The finding, published in the June issue of the Journal of Virology, is the result of an uncommonly detailed look at the cat-and-mouse action that takes place in an organism shortly after infection. The work is aimed at understanding the earliest stages of infection by HIV more thoroughly, to help scientists develop ways either to quash the infection outright or to develop a vaccine to prevent infection.
The research, which was conducted by scientists at the University of Rochester Medical Center, is based on an analysis of more than 100,000 genetic snippets of a virus known as SIV, or simian immunodeficiency virus, which infects monkeys and is a close cousin of HIV.
While HIV has flummoxed scientists for nearly three decades, that’s certainly not because our immune system fails to respond. Rather, within two or three weeks of infection, the onslaught of immune cells puts the virus on the run to such an extent that the virus must mutate rapidly to evade the body’s defences.
HIV changes quickly and continually, creating thousands and thousands of mutated versions of itself in a process called “viral escape.” The virus changes; the immune cells hunting it down change in response; and the virus changes again, and so on, in a kind of molecular arms race.
“Viral escape is a significant phenomenon in HIV – it’s what allows HIV to elude the immune system,” said Ha Youn Lee, Ph.D., the assistant professor in the Department of Biostatistics and Computational Biology who led the project.
“The dynamics in the earliest stage of infection by HIV are incredibly complex, and understanding what happens is crucial for developing a vaccine,” Lee added.
To do the study, Lee’s team applied a mathematical model to data originally gathered by David O’Connor, Ph.D., at the University of Wisconsin at Madison, who studies how SIV evolves. Lee’s team analysed the genetic features of three key sections of the SIV genome as they changed during the first few months of infection in eight macaque monkeys, part of an effort to quantify how quickly the process of viral escape occurs.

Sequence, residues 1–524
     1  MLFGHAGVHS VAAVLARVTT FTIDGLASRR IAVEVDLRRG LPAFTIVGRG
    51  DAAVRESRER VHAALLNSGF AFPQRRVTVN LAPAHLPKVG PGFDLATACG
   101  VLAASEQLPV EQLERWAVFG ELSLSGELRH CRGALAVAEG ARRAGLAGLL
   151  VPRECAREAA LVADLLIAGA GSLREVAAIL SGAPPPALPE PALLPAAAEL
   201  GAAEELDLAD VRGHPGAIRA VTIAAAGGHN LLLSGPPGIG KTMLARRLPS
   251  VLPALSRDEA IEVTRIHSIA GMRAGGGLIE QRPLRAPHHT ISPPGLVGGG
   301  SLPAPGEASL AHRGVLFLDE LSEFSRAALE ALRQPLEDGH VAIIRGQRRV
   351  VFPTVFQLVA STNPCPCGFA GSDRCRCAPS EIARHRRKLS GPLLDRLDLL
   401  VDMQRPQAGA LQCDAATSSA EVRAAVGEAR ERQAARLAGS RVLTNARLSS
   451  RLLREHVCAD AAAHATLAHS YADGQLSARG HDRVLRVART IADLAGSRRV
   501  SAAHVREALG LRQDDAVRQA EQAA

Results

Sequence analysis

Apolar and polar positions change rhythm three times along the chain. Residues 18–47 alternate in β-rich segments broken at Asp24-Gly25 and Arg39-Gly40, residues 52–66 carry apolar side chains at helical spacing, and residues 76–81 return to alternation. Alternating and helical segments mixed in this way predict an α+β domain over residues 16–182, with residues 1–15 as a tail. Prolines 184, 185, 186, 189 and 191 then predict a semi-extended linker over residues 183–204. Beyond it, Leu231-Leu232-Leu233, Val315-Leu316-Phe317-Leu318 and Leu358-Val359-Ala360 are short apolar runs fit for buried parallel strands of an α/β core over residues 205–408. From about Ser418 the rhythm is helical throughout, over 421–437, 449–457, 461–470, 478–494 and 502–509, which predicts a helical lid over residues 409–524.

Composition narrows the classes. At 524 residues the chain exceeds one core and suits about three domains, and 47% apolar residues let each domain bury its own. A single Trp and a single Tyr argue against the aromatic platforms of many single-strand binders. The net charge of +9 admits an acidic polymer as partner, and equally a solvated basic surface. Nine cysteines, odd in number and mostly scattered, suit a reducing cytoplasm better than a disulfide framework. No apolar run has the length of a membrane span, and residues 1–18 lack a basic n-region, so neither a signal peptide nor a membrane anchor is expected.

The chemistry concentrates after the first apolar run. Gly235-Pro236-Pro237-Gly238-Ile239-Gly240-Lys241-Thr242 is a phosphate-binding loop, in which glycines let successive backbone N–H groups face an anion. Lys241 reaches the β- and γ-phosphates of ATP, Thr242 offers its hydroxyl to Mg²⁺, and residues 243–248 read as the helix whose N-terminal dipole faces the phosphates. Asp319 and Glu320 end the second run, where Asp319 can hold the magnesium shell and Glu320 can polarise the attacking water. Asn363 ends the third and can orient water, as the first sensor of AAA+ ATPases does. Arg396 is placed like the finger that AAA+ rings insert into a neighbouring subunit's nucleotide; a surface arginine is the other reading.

The research took advantage of a method known as ultradeep sequencing, which provides hundreds or thousands of glimpses of a single genetic change, compared to approximately 50 or so looks using conventional methods.
“This new technology is very exciting,” said Lee. “It allows us to look at the earliest stages of infection in more depth than we could otherwise, and to quantify exactly what is going on in the body. If we can understand it more completely, we can fine-tune vaccines under development.”
As expected, the team found that immune cells known as CD8+ T-lymphocytes, also known as cytotoxic T cells, are a powerful force in the life of SIV when it first causes infection. While scientists have known that the CD8 attack on the virus is strong, the latest work quantifies the body’s response. They found that the original portions of the virus degrade 400 times faster in response to CD8 cells than they would have if those cells weren’t a factor – what scientists call significant “selective pressure” on the virus.
The team also found that SIV creates such mutants in response to the assault by CD8 cells at about the same rate as HIV does.
But the most striking finding is that the original viral genetic sequences are still present in the body months after the initial infection, at a time that scientists call the “viral set point,” which occurs about two to five months after infection. It’s a signal of just how difficult it is for the body to eradicate HIV from the body – key portions of the virus have managed to survive despite the immense immune assault.
“We know that the virus confronts such a strong response from the body’s immune system that the virus evolves quickly to cope with it. Yet, the virus is able to establish a reservoir somewhere in the body, where it continues to reproduce and does not have to respond to the threat from the immune system,” Dewhurst added.
In addition to Lee and Dewhurst, other authors of the paper are first author Tanzy Love, Ph.D., assistant professor of Biostatistics; Sally Thurston, Ph.D., associate professor of Biostatistics; and Michael Keefer, M.D., professor of Medicine.
The work was funded by the National Institute of Allergy and Infectious Diseases and supported by the University’s Developmental Center for AIDS Research.